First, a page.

But if the blog is not about what I do, it’s even less about what I’ve done. I don’t talk about my PhD much because I was an aberrant PhDer. I occasionally meet someone like me – we didn’t have a hard time doing the doctorate. In fact, we positively loved our PhDs. And we not only finished on time, but also finished well before the three years were up. Even writing this just feels like bragging to me – and I’m squirming about it as I write – and it’s not in the slightest bit of help to anyone else and probably not really of interest.

Nor do I talk a lot about the process and products of my writing. I have blogged about co-writing and I posted live on a couple of book writing projects. But I don’t do this a lot. It’d be totally boring to hear about what I’m writing. Nor do I want to use my writing as the justification for why what I say might be of use. The thing is, this is a blog, not an ongoing commercial. I have a books page on the blog and people can check it out if they need to. And a list of book chapters and papers are on my university webpage. These blog posts ought to stand on their own merit. They are either worth reading or not.

And I don’t write about me mainly and primarily because times have changed. What worked for me was at a particular time and place. The rules and expectations about academic research and writing have shifted, and not necessarily all for the better. On the one hand, there is a lot more experimentation, interdisciplinary research and global chatter. On the other, audit requirements and precarious employment prospects make it pretty difficult to get into and on in any local academy. What I say on the blog can’t really be based in and on my own experience, but must take account of what is happening now, and what might be possible in the current situation.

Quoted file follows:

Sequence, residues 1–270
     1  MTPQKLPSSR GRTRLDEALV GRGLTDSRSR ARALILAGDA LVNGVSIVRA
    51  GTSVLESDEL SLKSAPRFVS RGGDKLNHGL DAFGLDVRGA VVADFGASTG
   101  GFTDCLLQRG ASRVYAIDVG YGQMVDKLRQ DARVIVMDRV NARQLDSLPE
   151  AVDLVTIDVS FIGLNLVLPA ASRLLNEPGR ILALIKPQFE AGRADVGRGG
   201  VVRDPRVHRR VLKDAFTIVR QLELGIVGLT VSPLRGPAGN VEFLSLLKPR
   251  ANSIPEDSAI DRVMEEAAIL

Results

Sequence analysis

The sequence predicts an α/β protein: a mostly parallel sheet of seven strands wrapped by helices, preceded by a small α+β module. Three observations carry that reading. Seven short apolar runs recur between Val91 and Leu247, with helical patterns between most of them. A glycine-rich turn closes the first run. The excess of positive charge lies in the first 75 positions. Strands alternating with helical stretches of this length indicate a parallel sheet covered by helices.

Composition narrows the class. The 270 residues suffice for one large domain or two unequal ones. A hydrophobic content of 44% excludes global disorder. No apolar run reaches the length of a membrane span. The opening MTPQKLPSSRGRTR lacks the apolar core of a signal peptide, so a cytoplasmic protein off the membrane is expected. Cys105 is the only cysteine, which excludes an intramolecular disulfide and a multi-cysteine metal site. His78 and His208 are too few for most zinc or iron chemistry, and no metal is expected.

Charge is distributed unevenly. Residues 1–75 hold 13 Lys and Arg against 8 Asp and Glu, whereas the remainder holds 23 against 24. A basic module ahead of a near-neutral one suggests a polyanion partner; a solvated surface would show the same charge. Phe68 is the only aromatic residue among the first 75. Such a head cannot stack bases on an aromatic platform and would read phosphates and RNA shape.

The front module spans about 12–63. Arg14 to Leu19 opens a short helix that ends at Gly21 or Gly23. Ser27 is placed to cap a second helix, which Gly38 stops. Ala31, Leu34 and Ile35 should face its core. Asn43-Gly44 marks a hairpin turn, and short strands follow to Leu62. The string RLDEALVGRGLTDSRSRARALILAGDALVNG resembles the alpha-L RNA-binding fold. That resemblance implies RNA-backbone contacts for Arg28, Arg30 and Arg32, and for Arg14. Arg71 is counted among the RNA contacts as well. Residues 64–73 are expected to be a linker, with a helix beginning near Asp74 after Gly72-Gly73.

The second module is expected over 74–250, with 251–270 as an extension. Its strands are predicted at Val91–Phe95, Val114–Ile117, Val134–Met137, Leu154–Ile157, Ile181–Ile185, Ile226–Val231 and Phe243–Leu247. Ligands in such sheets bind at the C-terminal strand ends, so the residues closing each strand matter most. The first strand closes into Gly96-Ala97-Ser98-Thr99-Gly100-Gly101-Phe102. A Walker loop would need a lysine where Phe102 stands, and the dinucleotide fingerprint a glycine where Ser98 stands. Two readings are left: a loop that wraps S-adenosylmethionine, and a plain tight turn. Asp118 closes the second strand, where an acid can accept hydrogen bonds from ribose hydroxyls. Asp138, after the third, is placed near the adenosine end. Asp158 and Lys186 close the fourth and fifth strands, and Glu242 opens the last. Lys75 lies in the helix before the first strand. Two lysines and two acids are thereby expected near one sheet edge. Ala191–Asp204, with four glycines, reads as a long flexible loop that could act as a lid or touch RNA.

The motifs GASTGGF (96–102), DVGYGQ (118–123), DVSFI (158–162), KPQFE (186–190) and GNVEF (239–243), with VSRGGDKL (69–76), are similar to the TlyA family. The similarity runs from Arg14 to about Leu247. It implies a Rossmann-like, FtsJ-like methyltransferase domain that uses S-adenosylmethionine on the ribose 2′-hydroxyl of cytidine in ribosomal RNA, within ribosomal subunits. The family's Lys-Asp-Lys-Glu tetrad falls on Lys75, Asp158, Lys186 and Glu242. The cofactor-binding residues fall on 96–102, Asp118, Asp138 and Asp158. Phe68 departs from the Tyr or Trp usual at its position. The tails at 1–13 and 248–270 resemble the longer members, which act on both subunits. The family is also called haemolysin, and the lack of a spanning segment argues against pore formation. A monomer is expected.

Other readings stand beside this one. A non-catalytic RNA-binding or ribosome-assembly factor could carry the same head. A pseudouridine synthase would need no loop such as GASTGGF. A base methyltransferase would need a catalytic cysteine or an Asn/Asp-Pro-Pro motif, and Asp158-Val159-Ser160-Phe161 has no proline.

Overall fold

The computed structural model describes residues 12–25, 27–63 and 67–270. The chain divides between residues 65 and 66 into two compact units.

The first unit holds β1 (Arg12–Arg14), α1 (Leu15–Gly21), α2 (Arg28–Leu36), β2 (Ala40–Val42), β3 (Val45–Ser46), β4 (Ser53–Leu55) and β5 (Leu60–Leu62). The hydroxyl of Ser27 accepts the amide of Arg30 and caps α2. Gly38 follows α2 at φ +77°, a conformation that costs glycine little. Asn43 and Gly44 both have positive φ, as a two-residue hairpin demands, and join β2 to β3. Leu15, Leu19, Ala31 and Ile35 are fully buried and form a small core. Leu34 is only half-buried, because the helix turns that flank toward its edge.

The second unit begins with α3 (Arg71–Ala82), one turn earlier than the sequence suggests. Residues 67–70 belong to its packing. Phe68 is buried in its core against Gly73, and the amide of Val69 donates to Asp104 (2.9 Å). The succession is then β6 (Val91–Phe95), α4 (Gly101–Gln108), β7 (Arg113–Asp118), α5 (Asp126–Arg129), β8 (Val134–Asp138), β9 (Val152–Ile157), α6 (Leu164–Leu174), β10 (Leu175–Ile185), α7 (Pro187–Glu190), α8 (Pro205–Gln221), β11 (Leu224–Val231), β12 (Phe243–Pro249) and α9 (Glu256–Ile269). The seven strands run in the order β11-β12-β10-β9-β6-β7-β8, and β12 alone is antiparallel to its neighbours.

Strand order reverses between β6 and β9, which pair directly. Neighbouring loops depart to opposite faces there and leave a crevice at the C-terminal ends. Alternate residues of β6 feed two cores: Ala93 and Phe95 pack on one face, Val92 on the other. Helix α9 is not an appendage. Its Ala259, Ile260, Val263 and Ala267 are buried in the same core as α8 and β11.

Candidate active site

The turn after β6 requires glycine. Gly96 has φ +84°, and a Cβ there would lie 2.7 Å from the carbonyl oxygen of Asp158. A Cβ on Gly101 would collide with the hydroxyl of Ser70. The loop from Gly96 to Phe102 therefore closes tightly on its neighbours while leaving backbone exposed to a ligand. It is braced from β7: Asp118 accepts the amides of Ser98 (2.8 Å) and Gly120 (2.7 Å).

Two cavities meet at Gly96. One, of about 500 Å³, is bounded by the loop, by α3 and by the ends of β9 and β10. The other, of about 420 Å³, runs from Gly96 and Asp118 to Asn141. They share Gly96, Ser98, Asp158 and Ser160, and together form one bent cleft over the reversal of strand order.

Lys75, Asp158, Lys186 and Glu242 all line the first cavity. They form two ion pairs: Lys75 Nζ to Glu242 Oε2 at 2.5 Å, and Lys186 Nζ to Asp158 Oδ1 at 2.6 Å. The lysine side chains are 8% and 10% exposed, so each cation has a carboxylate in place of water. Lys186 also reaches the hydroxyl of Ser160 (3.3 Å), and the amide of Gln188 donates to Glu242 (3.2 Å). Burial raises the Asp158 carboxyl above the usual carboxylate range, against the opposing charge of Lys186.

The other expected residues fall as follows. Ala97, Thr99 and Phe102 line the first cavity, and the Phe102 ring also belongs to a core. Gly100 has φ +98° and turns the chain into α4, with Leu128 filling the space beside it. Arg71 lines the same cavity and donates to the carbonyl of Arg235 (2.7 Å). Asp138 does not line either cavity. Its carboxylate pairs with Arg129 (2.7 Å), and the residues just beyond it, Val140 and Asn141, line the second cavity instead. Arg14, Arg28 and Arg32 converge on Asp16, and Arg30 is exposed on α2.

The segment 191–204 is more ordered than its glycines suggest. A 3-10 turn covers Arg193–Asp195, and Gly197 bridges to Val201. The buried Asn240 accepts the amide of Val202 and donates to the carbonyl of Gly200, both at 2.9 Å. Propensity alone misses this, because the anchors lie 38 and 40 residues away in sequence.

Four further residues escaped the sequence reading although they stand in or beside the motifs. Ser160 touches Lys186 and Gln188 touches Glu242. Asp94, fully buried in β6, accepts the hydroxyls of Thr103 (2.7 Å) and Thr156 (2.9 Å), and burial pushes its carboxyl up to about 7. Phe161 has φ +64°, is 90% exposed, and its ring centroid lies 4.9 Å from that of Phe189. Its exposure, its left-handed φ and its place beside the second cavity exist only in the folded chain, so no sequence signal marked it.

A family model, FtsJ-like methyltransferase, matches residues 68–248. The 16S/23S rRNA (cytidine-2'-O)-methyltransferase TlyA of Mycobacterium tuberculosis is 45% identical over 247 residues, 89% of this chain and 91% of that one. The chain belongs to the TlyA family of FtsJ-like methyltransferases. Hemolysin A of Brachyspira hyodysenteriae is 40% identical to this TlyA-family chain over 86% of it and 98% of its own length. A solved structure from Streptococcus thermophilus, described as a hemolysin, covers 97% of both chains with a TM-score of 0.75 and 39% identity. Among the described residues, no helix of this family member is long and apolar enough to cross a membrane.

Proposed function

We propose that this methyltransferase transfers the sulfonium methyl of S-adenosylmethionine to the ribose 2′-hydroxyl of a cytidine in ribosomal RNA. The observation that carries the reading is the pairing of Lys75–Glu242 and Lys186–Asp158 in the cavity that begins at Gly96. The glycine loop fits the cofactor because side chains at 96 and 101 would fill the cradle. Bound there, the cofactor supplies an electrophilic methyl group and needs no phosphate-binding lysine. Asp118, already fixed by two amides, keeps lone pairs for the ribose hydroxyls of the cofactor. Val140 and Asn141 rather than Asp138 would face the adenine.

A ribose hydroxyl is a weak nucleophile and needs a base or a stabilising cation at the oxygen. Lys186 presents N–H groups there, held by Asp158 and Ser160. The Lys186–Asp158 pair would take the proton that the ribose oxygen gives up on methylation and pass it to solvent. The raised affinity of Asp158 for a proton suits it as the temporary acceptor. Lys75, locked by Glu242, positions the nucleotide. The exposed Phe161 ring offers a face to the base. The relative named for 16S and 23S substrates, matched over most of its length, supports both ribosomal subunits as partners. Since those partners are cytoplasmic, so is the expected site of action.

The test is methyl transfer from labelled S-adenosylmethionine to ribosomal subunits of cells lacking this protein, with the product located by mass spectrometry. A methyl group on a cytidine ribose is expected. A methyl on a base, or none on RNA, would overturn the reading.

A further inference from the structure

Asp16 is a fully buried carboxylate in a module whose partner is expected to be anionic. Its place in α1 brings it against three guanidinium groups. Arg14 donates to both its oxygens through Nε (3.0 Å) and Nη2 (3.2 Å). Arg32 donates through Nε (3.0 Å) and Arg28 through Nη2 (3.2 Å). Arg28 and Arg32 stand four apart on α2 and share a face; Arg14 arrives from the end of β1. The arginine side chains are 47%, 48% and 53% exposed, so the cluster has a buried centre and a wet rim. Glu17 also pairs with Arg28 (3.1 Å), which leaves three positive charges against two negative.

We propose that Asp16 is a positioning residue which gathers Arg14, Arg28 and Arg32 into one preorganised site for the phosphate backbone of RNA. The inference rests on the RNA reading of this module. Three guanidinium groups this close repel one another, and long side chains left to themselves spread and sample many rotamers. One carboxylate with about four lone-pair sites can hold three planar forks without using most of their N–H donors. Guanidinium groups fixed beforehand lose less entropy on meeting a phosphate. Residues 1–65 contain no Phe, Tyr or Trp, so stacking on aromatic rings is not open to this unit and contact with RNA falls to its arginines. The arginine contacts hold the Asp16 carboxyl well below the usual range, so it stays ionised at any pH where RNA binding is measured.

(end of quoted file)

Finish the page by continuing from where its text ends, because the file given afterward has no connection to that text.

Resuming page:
So I rely not on my own PhD experience, but on research and on reading what other people have to say about their own current experiences. I read a lot of PhD blogs and research about PhDs. And of course, there are conversations. Conversations at workshops and with PhDers I supervise. And because there isn’t a one best way to do anything, especially with writing and research, and because what emerging researchers need are lots of strategies and options, my focus is on generating more ideas, not less. I collect strategies and approaches, the more the better. Other people’s experiences feed the blog.

Let me be frank. This blog would be pretty tiny and sporadic if it just relied on what I do and did. I’m really not that interesting. Patter depends on and responds to what other people do, ask and say.

Posted in academic writing, blogging, blogging about blogging, experience, patter | Tagged , , , | 3 Comments